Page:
Autoethnographic analysis of the self through an occupational story of a paramedic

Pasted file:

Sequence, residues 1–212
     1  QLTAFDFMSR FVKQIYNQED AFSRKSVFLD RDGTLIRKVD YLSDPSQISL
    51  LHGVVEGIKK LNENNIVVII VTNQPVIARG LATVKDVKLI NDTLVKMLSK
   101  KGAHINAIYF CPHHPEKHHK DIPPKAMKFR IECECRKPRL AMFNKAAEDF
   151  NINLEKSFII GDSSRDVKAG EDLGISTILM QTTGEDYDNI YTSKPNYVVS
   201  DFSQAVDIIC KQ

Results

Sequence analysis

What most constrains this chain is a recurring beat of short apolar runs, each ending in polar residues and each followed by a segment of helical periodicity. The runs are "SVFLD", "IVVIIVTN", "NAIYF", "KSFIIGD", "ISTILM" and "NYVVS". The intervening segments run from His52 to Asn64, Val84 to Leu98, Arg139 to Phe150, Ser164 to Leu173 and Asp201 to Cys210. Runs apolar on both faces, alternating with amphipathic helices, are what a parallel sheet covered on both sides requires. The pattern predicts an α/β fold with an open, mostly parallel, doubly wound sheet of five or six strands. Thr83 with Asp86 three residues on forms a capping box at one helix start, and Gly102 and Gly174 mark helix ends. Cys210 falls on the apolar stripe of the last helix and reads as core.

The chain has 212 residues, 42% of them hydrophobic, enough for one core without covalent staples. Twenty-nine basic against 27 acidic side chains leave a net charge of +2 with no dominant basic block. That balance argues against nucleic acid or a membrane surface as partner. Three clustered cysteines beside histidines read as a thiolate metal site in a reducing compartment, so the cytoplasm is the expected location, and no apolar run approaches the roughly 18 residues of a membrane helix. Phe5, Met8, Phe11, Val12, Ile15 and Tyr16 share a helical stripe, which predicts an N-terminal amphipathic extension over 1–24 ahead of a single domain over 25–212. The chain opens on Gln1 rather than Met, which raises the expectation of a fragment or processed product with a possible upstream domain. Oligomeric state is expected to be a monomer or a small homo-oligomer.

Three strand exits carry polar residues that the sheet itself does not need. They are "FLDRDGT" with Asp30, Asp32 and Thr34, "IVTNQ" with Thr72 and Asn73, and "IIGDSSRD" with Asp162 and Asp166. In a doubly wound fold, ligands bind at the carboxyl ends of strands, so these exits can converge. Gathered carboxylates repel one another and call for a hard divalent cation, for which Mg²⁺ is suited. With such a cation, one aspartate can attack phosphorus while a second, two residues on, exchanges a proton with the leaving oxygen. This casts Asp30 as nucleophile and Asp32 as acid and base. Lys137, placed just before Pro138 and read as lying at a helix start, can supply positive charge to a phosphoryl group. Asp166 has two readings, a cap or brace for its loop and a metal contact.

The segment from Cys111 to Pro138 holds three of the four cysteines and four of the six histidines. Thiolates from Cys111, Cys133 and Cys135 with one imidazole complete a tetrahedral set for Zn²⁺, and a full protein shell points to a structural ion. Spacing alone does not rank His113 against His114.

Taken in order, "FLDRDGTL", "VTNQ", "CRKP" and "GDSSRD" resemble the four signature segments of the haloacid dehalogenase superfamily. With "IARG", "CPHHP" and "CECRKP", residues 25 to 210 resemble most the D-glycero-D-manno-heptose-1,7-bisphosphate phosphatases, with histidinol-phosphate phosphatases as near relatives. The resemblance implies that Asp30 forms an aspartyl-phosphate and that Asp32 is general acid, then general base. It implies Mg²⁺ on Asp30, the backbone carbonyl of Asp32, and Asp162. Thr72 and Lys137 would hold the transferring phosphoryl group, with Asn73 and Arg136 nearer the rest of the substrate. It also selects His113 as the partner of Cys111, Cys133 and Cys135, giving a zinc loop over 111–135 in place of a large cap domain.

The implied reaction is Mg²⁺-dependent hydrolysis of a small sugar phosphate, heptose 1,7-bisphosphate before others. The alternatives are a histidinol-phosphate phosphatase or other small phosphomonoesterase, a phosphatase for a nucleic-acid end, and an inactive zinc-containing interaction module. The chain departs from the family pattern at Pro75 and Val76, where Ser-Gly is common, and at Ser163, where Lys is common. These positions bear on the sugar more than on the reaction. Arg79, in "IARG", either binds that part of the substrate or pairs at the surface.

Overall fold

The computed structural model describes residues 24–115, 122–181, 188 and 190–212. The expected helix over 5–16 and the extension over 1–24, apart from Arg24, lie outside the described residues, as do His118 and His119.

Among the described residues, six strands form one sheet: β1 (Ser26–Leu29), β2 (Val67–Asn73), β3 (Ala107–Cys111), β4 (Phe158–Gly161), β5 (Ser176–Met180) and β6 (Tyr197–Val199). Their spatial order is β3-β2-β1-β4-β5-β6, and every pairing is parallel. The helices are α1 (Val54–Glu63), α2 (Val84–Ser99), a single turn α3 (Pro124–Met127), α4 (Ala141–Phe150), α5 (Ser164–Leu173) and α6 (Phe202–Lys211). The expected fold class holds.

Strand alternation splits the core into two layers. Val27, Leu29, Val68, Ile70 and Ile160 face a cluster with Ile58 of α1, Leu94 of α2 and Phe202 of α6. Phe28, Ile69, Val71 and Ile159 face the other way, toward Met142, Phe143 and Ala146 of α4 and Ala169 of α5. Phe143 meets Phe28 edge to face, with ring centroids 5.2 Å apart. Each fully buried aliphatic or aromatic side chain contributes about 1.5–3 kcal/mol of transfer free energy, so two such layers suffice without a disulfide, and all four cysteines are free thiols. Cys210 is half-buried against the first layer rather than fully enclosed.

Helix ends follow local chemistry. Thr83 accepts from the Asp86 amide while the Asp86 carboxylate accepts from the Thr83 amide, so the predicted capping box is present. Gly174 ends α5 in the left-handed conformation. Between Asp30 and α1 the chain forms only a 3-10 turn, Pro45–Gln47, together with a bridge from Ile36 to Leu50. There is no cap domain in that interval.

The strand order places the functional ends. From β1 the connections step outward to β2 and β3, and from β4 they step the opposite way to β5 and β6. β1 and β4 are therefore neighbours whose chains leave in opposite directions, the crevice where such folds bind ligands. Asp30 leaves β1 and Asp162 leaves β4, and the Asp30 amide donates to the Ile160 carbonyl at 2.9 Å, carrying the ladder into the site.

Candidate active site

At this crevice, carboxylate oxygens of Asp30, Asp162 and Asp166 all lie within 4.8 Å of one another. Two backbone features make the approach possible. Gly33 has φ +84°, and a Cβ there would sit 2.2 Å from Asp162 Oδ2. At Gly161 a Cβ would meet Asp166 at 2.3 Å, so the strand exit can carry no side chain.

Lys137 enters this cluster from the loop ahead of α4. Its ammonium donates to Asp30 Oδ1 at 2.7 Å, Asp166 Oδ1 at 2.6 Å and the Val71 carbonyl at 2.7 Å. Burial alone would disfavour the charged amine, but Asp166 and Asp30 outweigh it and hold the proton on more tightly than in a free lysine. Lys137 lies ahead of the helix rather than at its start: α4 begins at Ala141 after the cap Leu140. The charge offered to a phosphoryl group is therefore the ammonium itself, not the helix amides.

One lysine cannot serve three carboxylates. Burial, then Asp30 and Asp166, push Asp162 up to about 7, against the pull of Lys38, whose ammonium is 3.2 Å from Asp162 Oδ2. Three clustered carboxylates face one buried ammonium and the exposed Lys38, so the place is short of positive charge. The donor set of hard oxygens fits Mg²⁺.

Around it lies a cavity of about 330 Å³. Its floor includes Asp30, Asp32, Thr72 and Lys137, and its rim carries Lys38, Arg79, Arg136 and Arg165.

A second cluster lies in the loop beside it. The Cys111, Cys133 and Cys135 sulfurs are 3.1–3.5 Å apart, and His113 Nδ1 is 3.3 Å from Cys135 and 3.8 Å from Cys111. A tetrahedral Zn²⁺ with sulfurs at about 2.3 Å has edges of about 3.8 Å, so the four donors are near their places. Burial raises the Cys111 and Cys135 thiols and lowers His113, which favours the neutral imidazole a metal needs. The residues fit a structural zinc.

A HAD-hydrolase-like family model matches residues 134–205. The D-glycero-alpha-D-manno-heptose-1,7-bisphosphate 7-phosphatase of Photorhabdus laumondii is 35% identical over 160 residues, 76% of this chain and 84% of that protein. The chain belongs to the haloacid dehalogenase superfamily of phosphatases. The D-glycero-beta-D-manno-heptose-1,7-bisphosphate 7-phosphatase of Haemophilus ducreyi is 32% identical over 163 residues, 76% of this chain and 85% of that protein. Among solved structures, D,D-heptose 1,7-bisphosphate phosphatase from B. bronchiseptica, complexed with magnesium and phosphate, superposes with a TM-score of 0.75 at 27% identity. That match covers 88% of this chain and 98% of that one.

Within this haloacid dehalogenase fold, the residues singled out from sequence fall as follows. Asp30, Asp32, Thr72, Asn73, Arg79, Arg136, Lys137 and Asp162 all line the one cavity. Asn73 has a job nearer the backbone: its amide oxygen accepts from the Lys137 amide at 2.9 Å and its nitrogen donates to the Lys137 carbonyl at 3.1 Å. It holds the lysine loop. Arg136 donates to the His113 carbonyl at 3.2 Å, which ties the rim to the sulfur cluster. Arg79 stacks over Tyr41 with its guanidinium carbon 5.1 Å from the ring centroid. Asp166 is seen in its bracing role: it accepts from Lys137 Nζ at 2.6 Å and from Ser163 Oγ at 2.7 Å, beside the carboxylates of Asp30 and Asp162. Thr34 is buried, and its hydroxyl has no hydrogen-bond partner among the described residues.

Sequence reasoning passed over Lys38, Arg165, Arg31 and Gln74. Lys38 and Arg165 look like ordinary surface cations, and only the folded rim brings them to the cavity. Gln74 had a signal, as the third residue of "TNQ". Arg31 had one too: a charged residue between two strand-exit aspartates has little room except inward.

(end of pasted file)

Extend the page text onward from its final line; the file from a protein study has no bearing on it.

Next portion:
This article discusses the role that storytelling plays in understanding both the personal and professional self from the perspective of a paramedic. The practice of paramedicine provides individuals with a strong platform upon which storytelling can be built, with narration of work-related stories presenting opportunities for reflection on the interplay between organisational culture and self-identity. Using elements of narrative inquiry, autoethnography and critical reflection, a paramedic story is deconstructed and examined from a number of perspectives. From this narrative exploration, three distinct themes emerged and are subsequently discussed: assumptions and preconceptions, fears and insecurities, and distancing and control. The findings illustrate the benefits of exploring paramedic stories in order to recognise, transform or eliminate unhelpful assumptions relating to paramedic practice, and discover unexplored aspects of the self through analysis of story.

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